Business Law

Business Organization (Start-Ups & Incorporations)

In the United States, corporations are generally incorporated, or organized, under the laws of a particular state. The corporate law of a corporation's state of incorporation generally governs that corporation's internal governance (even if the corporation's operations take place outside of that state). The corporate laws of the various states differ - in some cases significantly - from state to state, as a result of which corporate lawyers are often consulted in an effort to determine the most appropriate or advantageous state in which to incorporate, and a majority of public companies in the U.S. are Delaware corporations. The federal laws of the United States and local law may also be applicable sources of corporate law.

Preparation of Corporate Documents & Minutes


A contract is an exchange of promises between two or more parties to do, or refrain from doing, an act which is enforceable in a court of law. It is a binding legal agreement. That is to say, a contract is an exchange of promises for the breach of which the law will provide a remedy.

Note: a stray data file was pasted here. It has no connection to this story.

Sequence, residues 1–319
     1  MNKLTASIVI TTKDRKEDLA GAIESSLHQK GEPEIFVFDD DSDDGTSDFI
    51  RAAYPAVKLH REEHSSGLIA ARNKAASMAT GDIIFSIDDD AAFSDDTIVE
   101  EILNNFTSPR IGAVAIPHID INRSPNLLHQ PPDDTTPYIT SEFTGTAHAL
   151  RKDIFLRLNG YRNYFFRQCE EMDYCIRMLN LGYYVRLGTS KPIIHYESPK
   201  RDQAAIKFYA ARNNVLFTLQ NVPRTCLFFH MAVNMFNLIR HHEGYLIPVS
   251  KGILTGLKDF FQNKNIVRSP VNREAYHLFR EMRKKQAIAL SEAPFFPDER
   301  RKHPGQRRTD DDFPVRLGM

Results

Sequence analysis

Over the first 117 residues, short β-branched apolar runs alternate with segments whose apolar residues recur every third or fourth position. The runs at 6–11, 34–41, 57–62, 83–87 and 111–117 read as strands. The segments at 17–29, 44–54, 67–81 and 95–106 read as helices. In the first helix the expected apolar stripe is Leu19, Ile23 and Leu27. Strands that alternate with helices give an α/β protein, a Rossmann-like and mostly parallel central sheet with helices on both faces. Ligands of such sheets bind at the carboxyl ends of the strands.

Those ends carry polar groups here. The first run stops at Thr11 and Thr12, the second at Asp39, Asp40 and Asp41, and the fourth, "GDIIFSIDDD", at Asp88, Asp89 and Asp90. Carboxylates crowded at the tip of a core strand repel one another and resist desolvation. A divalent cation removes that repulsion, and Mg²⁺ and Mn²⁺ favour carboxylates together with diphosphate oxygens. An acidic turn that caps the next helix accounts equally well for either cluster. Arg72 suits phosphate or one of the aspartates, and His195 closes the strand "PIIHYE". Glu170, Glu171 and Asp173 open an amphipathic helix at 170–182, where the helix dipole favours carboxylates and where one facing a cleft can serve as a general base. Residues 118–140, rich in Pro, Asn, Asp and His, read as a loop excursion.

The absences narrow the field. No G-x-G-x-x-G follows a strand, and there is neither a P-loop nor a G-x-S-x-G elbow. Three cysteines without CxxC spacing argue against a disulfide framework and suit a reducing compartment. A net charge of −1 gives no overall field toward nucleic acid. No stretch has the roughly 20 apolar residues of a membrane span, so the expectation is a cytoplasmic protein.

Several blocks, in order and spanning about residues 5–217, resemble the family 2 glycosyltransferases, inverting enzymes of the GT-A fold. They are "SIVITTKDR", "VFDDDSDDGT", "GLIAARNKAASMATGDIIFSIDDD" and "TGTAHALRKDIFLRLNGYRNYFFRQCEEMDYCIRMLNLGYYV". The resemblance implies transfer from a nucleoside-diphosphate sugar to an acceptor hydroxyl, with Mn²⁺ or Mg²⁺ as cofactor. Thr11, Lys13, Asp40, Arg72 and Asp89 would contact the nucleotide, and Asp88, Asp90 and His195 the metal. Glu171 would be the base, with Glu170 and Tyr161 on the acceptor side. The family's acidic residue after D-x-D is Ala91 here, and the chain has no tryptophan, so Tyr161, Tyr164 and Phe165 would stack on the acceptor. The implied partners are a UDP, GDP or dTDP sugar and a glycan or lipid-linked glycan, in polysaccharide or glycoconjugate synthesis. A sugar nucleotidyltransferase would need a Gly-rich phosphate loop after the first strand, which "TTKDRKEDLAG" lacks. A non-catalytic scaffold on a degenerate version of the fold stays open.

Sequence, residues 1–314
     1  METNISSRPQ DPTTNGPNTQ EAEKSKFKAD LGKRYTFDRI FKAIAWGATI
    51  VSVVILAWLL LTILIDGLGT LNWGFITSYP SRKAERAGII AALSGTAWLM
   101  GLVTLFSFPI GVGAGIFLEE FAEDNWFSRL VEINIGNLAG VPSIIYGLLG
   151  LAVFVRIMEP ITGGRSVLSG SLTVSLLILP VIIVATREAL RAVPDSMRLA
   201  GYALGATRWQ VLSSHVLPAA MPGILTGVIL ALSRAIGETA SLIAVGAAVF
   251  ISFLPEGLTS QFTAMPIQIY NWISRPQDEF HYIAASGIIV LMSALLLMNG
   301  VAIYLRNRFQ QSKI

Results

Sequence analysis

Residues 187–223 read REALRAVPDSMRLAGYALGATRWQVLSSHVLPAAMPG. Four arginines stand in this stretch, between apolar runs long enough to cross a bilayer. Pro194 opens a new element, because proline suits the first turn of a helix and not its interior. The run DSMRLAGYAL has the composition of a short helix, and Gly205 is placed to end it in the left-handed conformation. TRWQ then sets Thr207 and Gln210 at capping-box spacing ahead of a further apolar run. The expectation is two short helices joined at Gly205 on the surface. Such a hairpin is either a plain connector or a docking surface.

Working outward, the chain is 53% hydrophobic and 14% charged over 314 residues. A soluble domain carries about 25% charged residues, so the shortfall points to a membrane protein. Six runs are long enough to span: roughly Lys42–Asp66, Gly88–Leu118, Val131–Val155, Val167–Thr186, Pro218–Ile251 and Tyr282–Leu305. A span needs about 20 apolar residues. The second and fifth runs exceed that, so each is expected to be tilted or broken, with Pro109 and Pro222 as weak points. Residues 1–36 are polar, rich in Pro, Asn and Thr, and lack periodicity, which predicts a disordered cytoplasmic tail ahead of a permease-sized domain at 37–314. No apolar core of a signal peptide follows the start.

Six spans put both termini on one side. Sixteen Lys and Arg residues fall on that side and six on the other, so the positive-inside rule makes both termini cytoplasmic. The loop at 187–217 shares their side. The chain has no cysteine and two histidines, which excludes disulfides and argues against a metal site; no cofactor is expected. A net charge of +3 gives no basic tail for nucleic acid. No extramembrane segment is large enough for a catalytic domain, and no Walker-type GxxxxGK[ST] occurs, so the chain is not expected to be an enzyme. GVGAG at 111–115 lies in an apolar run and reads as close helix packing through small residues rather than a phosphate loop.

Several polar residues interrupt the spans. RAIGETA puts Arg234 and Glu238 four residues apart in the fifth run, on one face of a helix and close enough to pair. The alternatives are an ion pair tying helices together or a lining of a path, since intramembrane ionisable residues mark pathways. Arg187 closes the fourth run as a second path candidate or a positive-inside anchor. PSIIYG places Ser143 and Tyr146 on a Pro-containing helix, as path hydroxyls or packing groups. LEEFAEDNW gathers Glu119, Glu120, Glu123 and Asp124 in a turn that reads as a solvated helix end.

Agreement is said to be reached when an offer capable of immediate acceptance is met with a "mirror image" acceptance (ie, an unqualified acceptance). The parties must have the necessary capacity to contract and the contract must not be either trifling, indeterminate, impossible or illegal. Contract law is based on the principle expressed in the Latin phrase pacta sunt servanda (usually translated "pacts must be kept", but more literally "agreements are to be kept"). Breach of contract is recognized by the law and remedies can be provided.

Technically, any oral agreement between two parties can constitute a binding legal contract. The practical limitation to this, however, is that only parties to a written agreement have material evidence (the written contract itself) to prove the actual terms uttered at the time the agreement was struck. In daily life, most contracts can be and are made orally, such as purchasing a book or a sandwich. Sometimes written contracts are required by either the parties, or by statutory law within various jurisdiction for certain types of agreement. For example when buying a house or land.

Contract law can be classified, as is habitual in civil law systems, as part of a general law of obligations (along with tort, unjust enrichment or restitution).

Purchase and Sale of Businesses

Consumer Transactions